What am I to do when a client presents an idea that I know, from past experience, is destined to fail?
In spite of a firm warning, their urge to move forward is so strong that I have to simply step aside and let them learn from their mistake. Experience can be an expensive teacher, but the lessons are never forgotten.
Since designers see it all, there is a wealth of information that lives within them, helping them to avoid obvious mistakes.
If you are more prone to heeding advice rather than “learning the hard way”, this list is for you.
1: Consider scale when purchasing furniture. Tape out the dimensions and fill the space with cardboard boxes.
2: If you are redecorating, don’t paint first! Magazines promise a quick, cheap update with a gallon of paint. It is far more difficult to develop a room of furnishings around an arbitrary color than it is to find the perfect color for a developed room.
3: Don’t test paint color on the wall…regardless of how eager your painter is to do it. Test on poster board as it is far easier to consider the color if there is no color next to the new hue.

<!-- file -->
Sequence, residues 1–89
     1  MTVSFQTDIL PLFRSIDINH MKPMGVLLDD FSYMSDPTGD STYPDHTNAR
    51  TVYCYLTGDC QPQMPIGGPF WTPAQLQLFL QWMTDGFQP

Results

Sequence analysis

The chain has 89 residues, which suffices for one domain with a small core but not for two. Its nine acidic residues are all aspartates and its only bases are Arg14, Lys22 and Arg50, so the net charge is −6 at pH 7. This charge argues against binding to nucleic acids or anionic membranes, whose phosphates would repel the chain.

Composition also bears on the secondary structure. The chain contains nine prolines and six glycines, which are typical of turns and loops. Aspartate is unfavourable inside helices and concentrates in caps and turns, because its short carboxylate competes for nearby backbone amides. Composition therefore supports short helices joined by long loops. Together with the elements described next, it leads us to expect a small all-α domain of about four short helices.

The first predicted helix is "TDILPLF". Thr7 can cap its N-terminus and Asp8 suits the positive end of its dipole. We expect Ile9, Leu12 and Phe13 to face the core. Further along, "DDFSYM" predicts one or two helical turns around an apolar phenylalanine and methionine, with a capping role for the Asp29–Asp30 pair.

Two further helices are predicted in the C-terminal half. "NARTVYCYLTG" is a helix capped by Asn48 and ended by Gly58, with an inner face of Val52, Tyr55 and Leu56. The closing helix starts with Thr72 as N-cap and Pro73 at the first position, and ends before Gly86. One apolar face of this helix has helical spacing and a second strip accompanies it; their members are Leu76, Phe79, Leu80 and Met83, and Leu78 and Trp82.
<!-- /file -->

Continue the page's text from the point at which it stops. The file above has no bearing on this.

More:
4: Consider the style of the structure as well as your personal style. A contemporary house will feel uncomfortable if it is forced to wear French Country décor.
5: Don’t rely on your best friend or neighbor for decorating advice. I have seen many situations where a friend in tow causes self-doubt because, unless they have a design background, the advice stems from limited knowledge and their personal preference.
6: Don’t hang window treatments from a package that are several inches off the floor. Unless you are expecting a flood, a bare window is better than ill-fitting ready-mades.
7: If you are going to sit on it or sleep on it, purchase the best quality you can afford. Cheap is just that: cheap. And it won’t improve once it is in your home.
8: Don’t over-decorate with collectables. If you can’t imagine life without your collection of sea glass, cluster it in one area for visual impact, rather than visual clutter.
9: If you do make a mistake, don’t spend more money trying make it right. It won’t change the mistake, and you will be looking at a series of mistakes rather than cutting the loss after the first error.
Don’t decorate a room without considering the rest of the home’s décor. Rooms that are treated as an island lead to a home that is reminiscent of a trip to Epcot with a new theme around every corner.